Figure 5 shows how the average RFonh of the data obtained from three subjects, for luminance and chromatic equiluminance flicker, varied as a function of frequency. For luminance flicker a band-pass function having a broad maximum at 5 Hz to 10 Hz was found. A response, though small, was still consistently recorded at 30 Hz. For the equiluminance flicker, a low-pass type of function was observed, with a maximum at 2 Hz, an attenuation above 10 Hz, and no significant contribution beyond 15 Hz. Repeated testing in two subjects showed that these characteristics were reproducible. 
RFonh for 2 Hz versus 15 Hz
The dependence of RFonh on flicker frequency was further evaluated by comparing the RFonh obtained at 2 Hz and 15 Hz for both stimulations. Individual values of RFonh are reported in Table 1 for every subject. For the luminance flicker condition, RFonh was larger at 15 Hz than at 2 Hz in all four subjects. For the equiluminance condition, the opposite occurred in four out of five subjects. Both comparisons approached but did not reach statistical significance by paired t-test (t = 2.17, P = 0.11 and t = 2.41, P = 0.07, respectively). The average ratio of RFonh at 2 Hz to that at 15 Hz was 0.86 ± 0.05 for the luminance flicker and 1.26 ± 0.12 for the equiluminance flicker. This difference was statistically significant (t = 3.3, P = 0.01). 
RFonh versus Frequency for Various Modulation Depths
Plots of RFonh versus frequency were obtained in one subject during the same session for pure G luminance flicker (r = 1) at modulation depths = 1, 0.6, 0.4, and 0.2. Because the RFonh data for modulation depth = 0.2 were within the noise level for most frequencies, only the RFonh for the three other modulations have been plotted in Figure 6 . At all modulations, RFonh versus frequency displays a band-pass shape. Coefficients of variation were determined for the case of the modulation depth = 0.4, based on of three measurements of RFonh at 5 frequencies of a G luminance flicker. These varied between 10% (at 25 Hz) and 48% (at 8 Hz), with an average of 26%. 
Discussion
The present findings show that a RFonh can be recorded in volunteers selected for their excellent target fixation in response to luminance modulation, equiluminant chromatic modulation, or both, of a R–G flickering stimulus (Fig. 1) . In the subjects tested in this investigation, RFonh measured under different stimulus conditions demonstrated a satisfactory reproducibility, with a coefficient of variation of less than 26%. The response as a function of modulation depth could be fitted by a linear function with a highly significant correlation coefficient for both stimulus frequencies tested, that is, 10 Hz (Figs. 2 and 3A) and 25 Hz (Fig. 3B) . Thus for the characteristics of the flicker stimulus pertaining to and the various functional relationships sought in the present investigation, it appears that the range of our blood flow changes is below that corresponding to maximum vasodilatation, where saturating effects could distort these relationships.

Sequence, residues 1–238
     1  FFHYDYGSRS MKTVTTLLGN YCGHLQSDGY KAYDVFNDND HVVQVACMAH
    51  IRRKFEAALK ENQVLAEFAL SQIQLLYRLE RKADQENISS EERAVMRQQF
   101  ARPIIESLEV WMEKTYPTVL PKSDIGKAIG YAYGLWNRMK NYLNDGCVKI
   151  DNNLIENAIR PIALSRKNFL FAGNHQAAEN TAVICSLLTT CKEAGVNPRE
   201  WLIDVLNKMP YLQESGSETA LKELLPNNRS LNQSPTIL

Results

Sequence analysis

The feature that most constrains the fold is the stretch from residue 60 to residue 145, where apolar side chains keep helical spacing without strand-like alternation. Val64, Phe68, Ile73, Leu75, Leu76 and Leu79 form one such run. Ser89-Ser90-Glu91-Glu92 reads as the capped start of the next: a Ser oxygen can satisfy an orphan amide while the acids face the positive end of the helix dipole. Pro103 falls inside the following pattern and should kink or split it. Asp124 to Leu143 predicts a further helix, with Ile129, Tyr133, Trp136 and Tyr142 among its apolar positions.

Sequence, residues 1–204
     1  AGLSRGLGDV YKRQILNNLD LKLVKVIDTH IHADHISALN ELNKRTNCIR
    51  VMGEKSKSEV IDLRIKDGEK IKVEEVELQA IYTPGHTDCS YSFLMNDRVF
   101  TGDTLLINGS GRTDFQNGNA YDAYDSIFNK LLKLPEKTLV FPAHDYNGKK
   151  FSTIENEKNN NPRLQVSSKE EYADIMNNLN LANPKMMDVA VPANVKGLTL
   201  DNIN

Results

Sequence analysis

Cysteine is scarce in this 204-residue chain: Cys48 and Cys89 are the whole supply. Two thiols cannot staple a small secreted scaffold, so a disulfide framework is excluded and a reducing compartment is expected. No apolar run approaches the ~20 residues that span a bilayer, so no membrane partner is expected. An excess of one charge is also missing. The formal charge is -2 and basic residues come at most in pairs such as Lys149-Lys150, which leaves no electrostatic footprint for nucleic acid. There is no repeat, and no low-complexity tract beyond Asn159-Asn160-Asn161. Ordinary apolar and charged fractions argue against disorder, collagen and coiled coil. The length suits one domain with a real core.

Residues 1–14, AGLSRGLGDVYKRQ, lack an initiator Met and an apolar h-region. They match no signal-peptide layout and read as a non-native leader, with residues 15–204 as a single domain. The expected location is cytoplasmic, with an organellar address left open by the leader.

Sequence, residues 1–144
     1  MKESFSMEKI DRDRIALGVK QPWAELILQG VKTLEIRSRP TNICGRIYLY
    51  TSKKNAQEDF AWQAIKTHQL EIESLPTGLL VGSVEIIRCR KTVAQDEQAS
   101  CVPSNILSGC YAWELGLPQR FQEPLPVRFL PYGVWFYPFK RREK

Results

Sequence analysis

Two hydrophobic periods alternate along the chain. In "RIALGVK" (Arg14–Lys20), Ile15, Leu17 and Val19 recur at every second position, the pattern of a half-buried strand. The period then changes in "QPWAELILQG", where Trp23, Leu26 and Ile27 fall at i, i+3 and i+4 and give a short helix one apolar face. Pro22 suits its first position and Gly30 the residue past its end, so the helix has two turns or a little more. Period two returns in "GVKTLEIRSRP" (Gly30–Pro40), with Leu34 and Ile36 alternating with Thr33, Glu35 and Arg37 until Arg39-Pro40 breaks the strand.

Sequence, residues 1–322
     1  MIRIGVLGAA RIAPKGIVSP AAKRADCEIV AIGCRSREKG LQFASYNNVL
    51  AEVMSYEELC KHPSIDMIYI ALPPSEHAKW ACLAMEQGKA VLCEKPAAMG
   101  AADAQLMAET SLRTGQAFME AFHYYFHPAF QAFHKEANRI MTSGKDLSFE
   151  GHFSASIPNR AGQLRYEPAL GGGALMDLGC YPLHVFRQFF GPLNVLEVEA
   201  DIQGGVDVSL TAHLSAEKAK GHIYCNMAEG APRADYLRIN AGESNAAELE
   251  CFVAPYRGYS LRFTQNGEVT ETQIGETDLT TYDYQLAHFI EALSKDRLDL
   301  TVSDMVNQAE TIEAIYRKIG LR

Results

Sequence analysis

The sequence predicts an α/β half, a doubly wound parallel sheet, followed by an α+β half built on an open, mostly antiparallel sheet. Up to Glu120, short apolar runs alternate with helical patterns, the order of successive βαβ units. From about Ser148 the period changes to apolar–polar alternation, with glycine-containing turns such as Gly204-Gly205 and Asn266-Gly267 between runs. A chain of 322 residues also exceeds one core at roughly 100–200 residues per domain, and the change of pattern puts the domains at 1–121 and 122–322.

RFonh decreased significantly when the ratio between the R and G illuminance of the chromatic flicker stimulus was varied at 15 Hz from a condition of pure luminance flicker modulation to a condition where mixed luminance and chromatic modulations were present (Figs. 4A and 4B) . In most experiments, RFonh also showed a local peak corresponding to the equiluminant point measured psychophysically. This peak is quite clear in Figure 4B
The RFonh to luminance flicker displayed a different dependency on frequency compared to the response to equiluminance flicker. With the former stimulus, RFonh was band-pass tuned and well detectable up to 30 Hz (Fig. 5) ; with the latter stimulus, RFonh had a low-pass behavior with a cutoff at 15 Hz. The results of Figure 6 suggest that this difference is not attributable to a difference in cone modulation amplitude between luminance and equiluminance flicker because reducing the modulation depth of a G–G stimulus left unaltered the band-pass tuning behavior of RFonh. In accordance with the band-pass versus low-pass behavior of RFonh, the average ratio between the RFonh obtained at 2 and 15 Hz for luminance flicker was significantly smaller and reversed, compared with that for equiluminance flicker (Table 1)